Am I a jewelry snob? You bet! I’m a seasoned professional goldsmith and the thought of using glue to repair a piece of jewelry is adverse to every fiber in my body. It’s right up there with gold or silver-plated wire wrapped around a rock and called jewelry that you find at every art fair. Come on, really? People may comment on it and say it’s nice when you wear it, but what they are really thinking is you bought a cheap rock wrapped in wire that will soon turn your neck or finger green. And now that I am on a roll…Oh! And ladies, you know those high fashion watches you have been buying and collecting to match every outfit you own at better department stores because the have been “marked down” from $700 to an amazing $300 or even $200? They all have a cheap $10 Chinese/Japanese movement inside, and that includes most major expensive handbag brand watches, all you have to do is pop off the back to see the truth. A fancy advertised brand name watch with a pretty face, just add smoke, mirrors and a fancy box and in comes millions of dollars in revenue for a 20-dollar watch.

My shop is now void of any Depression Era Jewelry for sale and I rarely accept it for repair, (I have a soft spot for some of my elderly clientele especially when tears well up in their eyes because the costume jewelry was a gift from a grandchild.) This is where “I can fix almost anything” comes in…but really what’s the point? Throwing good money for bad, it will soon fall apart again in another place.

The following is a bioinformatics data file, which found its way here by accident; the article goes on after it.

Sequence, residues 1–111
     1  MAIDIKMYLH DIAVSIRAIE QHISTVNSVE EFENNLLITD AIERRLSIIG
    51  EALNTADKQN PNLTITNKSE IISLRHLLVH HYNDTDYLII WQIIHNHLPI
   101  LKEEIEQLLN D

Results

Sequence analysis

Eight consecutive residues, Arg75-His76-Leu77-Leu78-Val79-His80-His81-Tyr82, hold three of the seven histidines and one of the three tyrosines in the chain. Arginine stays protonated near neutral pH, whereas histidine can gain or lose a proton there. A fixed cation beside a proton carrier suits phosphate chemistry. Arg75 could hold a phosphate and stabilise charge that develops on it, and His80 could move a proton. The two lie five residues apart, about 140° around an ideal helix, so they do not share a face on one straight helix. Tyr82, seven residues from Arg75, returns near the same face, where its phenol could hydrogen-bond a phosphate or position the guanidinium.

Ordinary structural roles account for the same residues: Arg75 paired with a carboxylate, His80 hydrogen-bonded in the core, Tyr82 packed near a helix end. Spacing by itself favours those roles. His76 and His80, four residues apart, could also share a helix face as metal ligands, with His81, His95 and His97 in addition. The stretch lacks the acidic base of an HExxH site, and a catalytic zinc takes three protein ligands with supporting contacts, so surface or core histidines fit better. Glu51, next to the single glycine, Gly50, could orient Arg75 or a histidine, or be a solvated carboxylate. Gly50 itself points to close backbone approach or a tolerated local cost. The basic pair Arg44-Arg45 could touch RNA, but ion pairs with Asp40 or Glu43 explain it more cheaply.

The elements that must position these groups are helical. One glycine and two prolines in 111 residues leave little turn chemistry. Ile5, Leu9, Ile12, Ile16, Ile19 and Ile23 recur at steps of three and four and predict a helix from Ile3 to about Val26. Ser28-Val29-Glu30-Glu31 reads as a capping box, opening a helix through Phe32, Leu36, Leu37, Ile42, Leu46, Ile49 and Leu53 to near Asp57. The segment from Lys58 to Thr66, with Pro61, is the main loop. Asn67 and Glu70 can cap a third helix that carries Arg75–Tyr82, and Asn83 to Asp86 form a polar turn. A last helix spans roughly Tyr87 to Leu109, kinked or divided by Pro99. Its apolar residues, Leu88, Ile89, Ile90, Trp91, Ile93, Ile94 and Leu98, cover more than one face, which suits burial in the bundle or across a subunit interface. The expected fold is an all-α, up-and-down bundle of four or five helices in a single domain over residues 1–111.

A recent question on the subject of jewelry appraisals was asked on my website, www.harborgoldsmith.com.

Sharon W. wanted to know what exactly should she insure and not insure because the cost to insure her entire jewelry collection would be prohibitive. My answer to Sharon:

If there was ever a time to insure your fine jewelry, that would be now. I have heard many sad stories these past two years of total loss of cherished heirlooms due to theft or mysterious disappearances.

Rarely a week goes by that I don’t do an appraisal or sometimes a dozen. And all insurance companies require a current value appraisal in order for you to insure your valuable baubles. My rule of thumb is if the value is under $500 you can let these items slide, especially if you rarely wear them. Many current insurance policies have a deductible of some sort, and $300- $500 seems to be the magic numbers. A small, concealed home safe is a good idea, and it can be purchased right here on the island at Gulf Island Lock and Safe. It’s also handy and a lot more convenient for folks who won’t use a safe deposit box at the bank to store jewelry they wear a lot.